The other day I was sitting in a horners' bar just outside the gates of Yellowstone Park, sipping on bourbon and listening to a familiar-looking fellow try to put together a three-month expedition consisting of five people, any age, either sex, who were possessed of four hundred dollars apiece. The horners were listening to this spiel without much enthusiasm.
Most of them were experienced woodsmen and campers--horning is a good national park job: It consists of humping around the mountains and meadows in search of shed elk horns that are then sold through an intermediary to various Korean pharmaceutical companies, which in turn sell the powdered horn to certain oriental gentlemen who fear they are not as sexually potent as they might be. Horning is not an especially lucrative job, but it is a way to visit the more remote corners of the wilderness while incidentally providing the hope of delight to some Korean, Japanese and Chinese wives.
This was the third or fourth year in the elk-horn business for many of the people at that bar. They tended to be solitary types, not much given to excessive use of language except when drinking, and they listened to the prospective expedition leader with a degree of visible dubiousness, all the while injecting such polite comments as "the hell you say," and "get out of here."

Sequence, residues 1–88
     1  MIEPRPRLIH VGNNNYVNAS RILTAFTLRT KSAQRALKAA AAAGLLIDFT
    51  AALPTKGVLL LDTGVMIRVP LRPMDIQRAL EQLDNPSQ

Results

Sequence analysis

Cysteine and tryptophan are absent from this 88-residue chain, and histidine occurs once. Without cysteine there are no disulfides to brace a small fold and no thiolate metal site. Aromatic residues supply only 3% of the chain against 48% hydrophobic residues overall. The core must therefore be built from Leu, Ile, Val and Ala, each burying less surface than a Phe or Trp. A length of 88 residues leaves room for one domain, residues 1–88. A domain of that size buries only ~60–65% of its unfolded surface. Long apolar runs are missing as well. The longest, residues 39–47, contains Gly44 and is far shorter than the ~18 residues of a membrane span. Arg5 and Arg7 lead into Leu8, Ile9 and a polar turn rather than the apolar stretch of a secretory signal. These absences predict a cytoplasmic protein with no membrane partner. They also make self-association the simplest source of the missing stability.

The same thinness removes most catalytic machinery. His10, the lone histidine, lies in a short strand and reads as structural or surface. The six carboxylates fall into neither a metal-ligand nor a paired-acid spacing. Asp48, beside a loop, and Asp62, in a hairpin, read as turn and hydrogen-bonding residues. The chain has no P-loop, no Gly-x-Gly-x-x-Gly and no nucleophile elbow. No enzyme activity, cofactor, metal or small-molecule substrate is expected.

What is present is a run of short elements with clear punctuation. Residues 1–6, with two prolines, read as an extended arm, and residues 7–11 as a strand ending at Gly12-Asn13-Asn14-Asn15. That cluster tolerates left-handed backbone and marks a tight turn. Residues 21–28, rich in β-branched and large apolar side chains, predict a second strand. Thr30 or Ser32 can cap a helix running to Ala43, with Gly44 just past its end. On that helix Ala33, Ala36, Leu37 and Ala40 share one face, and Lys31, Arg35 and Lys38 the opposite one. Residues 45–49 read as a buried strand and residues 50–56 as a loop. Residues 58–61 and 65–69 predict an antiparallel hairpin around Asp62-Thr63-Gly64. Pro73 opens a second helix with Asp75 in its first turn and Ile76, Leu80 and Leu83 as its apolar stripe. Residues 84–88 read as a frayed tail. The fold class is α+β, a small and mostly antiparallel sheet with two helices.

I suspect that the doubt these experienced woodsmen and women felt had less to do with the expedition plan--a trek up through the Bob Marshall Wilderness and into the Canadian Rockies--than with the idea that, aside from providing their own gear, they were expected to fork over four bills. Quite clearly that money was to go to this prospective expedition leader for his entirely superfluous services. It was a four-hundred-dollar insult, and since this fellow wouldn't take no for an answer, since he didn't seem to feel the collective mood darken like thunderheads gathering over the Absarokas, I began to fear for the shape of his nose, which I suspected would be broken at any moment.
Quite the same thing--a sense of impending violence--sometimes colors loosely organized expeditions, and fistfights in the brush a five-day walk from anywhere tend to sour even the most spectacular views. Expedition leaders are, of course, a necessity in such technically demanding sports as mountaineering, rock climbing or caving. But they can be a source of friction on simple treks when everyone in the expedition has a number of years of backpacking experience.